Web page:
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Album Review: Tinchy Stryder – 360º/The Cloud 9 LP

2 min read

Over half a decade since the release of his last album, UK rapper Tinchy Stryder has finally released a follow up. Moving on from 2010s Third Strike, this record sees Tinchy move closer towards his roots; where Third Strike was a largely pop-orientated album (with the only exception being the cypher-style Game Over), 360/The Cloud 9 LP is an album of two halves. Born as Kwasi Danquah, Tinchy has always dabbled in both grime and pop music, and this album sees him showcase both sides on one double disc, 14-track LP.

tinchy stryder 360:cloud 9 lpThe first seven tracks are the more pop leaning tunes. Produced largely by Pinky & The Brain, Alex E and Rymez, and with guest vocals from Bayke and Tanika, this half alone is more dynamic than his entire previous album. Where the pop on Third Strike seemed heavily geared towards club-ready, crowd-pleasing anthems, here Tinchy seems more self-assured. Fired Up is an interesting song, beginning with 60s-style electric guitar picking, ending with auto tuned R&B adlibs, and complete with a healthy dollop of amped-up British hip-hop sandwiched between. Lost In Warfare is a pop classic, remindful of Tinie Tempah circa 2010 with its melodious hook led by Tanika, and mechanical, almost dance orientated synths under Tinchy’s pointillistic flow.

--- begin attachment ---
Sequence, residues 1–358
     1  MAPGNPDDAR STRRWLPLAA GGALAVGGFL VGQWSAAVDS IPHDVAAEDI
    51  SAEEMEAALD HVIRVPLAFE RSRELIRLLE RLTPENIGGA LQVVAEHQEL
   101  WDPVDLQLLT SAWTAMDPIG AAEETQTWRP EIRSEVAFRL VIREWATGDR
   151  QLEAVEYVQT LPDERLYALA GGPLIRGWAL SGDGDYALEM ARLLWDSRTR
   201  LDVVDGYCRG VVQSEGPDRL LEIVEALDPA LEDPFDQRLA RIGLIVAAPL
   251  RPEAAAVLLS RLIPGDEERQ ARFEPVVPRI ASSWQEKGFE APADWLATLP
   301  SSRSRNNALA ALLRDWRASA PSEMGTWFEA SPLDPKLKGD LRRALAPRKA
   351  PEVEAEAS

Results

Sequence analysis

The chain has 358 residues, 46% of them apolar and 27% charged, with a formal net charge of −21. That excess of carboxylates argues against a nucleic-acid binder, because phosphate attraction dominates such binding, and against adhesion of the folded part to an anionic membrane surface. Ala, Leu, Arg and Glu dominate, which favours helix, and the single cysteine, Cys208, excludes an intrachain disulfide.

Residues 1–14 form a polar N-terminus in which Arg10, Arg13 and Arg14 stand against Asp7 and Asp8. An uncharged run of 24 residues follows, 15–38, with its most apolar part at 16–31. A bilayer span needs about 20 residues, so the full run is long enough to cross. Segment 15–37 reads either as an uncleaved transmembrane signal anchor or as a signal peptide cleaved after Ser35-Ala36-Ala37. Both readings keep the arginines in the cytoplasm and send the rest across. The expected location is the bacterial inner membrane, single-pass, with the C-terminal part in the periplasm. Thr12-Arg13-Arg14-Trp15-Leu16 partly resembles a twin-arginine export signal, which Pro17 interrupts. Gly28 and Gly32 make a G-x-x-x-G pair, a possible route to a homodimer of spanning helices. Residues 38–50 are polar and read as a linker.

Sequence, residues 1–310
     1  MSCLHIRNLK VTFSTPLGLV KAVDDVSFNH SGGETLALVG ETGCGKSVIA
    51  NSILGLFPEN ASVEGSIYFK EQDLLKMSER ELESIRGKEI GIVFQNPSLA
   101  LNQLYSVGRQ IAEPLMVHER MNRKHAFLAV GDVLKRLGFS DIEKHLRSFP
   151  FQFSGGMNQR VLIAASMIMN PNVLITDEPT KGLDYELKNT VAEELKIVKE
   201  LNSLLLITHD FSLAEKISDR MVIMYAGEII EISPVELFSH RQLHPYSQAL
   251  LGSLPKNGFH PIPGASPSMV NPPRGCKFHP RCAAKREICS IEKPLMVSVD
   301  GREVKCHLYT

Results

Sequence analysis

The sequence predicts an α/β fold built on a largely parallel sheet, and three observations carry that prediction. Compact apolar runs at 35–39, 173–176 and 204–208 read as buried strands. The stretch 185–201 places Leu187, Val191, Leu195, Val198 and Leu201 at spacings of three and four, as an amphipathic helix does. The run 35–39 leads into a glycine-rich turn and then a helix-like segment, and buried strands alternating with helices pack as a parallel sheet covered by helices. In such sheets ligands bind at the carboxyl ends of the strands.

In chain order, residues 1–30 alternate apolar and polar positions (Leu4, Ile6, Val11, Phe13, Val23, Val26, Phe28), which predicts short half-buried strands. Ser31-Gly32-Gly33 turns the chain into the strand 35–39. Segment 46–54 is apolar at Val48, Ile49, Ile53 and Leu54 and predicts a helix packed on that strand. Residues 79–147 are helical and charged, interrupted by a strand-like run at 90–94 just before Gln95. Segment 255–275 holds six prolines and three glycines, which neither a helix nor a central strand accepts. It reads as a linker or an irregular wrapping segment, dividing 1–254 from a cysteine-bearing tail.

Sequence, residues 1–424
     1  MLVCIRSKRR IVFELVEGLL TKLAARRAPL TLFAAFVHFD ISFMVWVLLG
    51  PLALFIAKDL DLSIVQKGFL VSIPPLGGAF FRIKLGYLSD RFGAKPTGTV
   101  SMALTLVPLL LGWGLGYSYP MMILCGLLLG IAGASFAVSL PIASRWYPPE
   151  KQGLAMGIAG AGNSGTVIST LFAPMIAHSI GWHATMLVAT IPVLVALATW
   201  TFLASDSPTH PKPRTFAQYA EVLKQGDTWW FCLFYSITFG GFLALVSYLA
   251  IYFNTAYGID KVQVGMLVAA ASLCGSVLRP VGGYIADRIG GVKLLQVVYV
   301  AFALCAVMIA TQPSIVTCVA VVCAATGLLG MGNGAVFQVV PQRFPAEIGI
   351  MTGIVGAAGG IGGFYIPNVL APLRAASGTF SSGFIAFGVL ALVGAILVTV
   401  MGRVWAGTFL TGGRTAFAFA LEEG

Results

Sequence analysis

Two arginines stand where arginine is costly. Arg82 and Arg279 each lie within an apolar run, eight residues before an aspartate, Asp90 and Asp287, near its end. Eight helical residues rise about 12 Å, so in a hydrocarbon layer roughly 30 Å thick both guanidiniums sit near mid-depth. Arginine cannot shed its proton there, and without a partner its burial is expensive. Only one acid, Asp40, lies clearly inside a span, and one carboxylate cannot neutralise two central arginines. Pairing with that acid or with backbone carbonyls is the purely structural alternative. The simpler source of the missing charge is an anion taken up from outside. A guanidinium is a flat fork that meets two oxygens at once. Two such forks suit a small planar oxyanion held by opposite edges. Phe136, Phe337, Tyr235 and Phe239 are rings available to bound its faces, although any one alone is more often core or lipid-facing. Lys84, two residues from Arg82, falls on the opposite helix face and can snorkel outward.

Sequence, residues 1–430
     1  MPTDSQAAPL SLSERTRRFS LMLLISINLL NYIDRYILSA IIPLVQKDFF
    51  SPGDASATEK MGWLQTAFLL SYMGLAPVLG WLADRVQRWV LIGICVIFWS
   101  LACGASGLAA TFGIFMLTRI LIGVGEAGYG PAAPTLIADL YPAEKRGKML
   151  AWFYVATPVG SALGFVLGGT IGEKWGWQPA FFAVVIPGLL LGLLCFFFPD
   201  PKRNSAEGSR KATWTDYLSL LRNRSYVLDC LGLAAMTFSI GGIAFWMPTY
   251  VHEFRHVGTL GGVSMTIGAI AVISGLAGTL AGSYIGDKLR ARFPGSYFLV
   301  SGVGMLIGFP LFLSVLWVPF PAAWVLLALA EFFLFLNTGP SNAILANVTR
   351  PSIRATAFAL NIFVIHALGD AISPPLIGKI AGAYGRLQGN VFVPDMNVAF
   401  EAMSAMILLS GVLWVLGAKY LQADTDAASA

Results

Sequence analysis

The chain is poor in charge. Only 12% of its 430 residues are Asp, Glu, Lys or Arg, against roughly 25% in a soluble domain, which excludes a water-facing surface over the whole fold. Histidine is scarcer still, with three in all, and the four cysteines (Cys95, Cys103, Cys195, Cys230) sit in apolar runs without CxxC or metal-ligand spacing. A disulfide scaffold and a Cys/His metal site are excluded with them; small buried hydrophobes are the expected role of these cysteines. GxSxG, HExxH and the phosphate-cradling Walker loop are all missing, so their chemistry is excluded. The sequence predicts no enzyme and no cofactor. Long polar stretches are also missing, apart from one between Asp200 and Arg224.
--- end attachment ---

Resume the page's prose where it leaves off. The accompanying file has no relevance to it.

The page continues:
As you move down the track listing to the grime half, Tinchy makes no attempt to ease you in slowly. Instantly submerging you in a pool of dark, gritty beats, the first song Allow Me also features grime pioneer JME, delivering a potent verse on lack of privacy. As well as JME, the Cloud 9 half of this record sees an admirable array of collaborations including Giggs and D Double E. The latter features on Leg Day, a track full of groovy grime attitude, the syncopated drums giving it a raw, yet classic appeal that fits perfectly with the addition of grime veteran D Double E.

By no means a bad album, 360/The Cloud 9 LP delivers some classic sounds. However of these classics, some will be welcomed with open arms (or ears) as nostalgic gems, like the sharp, scrappy early grime throwback sounds of Gunfingers. But songs like upper half closer Name On The Trophy, or the misguided sound of Dem 1z leave me wondering who the audience will be for sounds such as these in 2016. Not to be described as bad, but some of this albums songs present themselves as slightly unmarketable in the present day. Regardless of its shortcomings though, the album is a refreshing update on its predecessor, and its defining songs are a definite triumph for modern day grime.